The authors of the study noted “that a single-payer, universal health-care system is likely to lead to a 13% savings in national health-care expenditure, equivalent to more than $450 billion annually.” It follows that if a Medicare for All single-payer system would lead to a 13% savings in expenditure, then funding such a program shouldn’t be a major concern. Rather than individuals paying into an insurance company or out of pocket at exorbitant rates, they would pay directly to the government via taxes to fund universal healthcare. Such a system eliminates massive CEO salaries and bonuses, puts an end to the price-gouging of the pharmaceutical industry, and ensures that no American goes without coverage or without care.
The War on Drugs has been an immense failure to the American people. It has made the United States into the country with the largest population of incarcerated people on the planet. It has torn apart countless communities, particularly poor communities and communities of color. It has enriched those who have invested in the prison-industrial complex and pressured our politicians to continue pushing archaic policies in the face of contradictory scientific evidence.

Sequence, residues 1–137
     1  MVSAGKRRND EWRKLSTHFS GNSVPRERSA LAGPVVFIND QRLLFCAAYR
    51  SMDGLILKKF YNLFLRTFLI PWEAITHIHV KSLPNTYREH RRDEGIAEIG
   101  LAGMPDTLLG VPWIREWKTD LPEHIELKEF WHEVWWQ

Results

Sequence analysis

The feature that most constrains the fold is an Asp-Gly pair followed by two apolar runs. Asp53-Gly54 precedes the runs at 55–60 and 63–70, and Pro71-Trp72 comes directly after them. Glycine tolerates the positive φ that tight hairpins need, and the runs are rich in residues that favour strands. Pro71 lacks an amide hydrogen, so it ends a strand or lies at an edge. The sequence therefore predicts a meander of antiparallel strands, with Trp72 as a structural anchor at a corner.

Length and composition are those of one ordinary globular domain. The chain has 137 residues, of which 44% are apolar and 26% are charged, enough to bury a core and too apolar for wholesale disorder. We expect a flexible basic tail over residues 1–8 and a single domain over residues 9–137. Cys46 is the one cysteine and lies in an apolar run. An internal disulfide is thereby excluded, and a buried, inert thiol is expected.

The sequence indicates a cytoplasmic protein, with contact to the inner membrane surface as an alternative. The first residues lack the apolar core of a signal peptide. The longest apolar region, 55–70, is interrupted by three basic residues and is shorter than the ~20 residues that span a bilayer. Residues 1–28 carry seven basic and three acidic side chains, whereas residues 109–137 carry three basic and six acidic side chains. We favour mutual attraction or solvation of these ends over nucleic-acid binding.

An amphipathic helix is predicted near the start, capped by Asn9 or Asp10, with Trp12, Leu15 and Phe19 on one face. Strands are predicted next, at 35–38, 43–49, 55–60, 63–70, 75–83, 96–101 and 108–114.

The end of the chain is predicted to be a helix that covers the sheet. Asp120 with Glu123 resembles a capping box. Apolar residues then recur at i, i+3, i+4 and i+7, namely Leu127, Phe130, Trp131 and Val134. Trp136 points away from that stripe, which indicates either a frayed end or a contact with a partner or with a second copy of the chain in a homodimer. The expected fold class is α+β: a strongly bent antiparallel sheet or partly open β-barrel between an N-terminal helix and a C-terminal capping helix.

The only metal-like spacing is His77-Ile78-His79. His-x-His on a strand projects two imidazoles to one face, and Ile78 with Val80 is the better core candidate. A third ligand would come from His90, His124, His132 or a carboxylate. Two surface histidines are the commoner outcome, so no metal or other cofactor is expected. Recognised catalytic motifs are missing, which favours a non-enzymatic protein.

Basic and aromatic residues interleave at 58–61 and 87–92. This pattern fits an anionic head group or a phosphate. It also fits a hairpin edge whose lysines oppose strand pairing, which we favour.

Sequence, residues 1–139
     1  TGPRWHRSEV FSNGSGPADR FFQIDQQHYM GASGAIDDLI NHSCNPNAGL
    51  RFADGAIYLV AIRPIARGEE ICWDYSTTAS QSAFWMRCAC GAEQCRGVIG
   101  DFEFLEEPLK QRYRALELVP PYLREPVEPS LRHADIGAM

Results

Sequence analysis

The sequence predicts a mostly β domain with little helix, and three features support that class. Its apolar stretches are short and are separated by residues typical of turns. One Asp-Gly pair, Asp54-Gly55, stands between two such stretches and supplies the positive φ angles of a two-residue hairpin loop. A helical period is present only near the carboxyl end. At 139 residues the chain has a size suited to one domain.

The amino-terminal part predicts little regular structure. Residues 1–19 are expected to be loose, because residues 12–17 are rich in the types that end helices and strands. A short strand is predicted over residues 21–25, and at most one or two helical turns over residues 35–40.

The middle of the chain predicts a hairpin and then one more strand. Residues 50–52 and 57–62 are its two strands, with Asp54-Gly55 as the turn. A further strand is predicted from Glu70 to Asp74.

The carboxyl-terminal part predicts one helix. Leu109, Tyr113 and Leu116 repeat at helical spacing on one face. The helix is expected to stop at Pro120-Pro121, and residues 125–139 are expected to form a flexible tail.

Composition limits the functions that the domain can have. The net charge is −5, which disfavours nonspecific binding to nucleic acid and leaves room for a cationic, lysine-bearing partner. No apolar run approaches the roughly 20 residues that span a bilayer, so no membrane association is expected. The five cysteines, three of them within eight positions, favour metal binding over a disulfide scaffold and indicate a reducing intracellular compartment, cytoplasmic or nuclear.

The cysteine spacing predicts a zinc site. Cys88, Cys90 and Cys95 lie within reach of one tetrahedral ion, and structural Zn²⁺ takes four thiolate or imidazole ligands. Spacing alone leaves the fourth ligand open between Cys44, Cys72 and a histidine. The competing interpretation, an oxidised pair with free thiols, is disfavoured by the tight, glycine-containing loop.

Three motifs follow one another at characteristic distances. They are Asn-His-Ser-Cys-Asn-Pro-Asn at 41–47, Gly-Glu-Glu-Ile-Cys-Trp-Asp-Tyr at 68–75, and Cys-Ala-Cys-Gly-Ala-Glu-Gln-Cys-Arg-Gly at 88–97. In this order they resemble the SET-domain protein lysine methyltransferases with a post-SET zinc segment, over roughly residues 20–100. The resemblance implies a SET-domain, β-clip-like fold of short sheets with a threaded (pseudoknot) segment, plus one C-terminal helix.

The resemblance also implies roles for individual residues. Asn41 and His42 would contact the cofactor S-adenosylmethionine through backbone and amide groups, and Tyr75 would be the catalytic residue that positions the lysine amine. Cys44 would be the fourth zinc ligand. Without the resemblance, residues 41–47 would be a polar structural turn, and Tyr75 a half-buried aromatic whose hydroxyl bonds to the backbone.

Senator Bernie Sanders had his first rally after his stent procedure last Saturday, October 19, 2019, in Queens, New York. The turnout was massive, as has been the case for the majority of his rallies so far. The speakers that took the stage before Senator Sanders included prominent activists, elected officials, and public servants. Based on the massive crowd turnout alone, it seems that the mainstream media’s under-representation of the support for Bernie Sanders is a hollow narrative.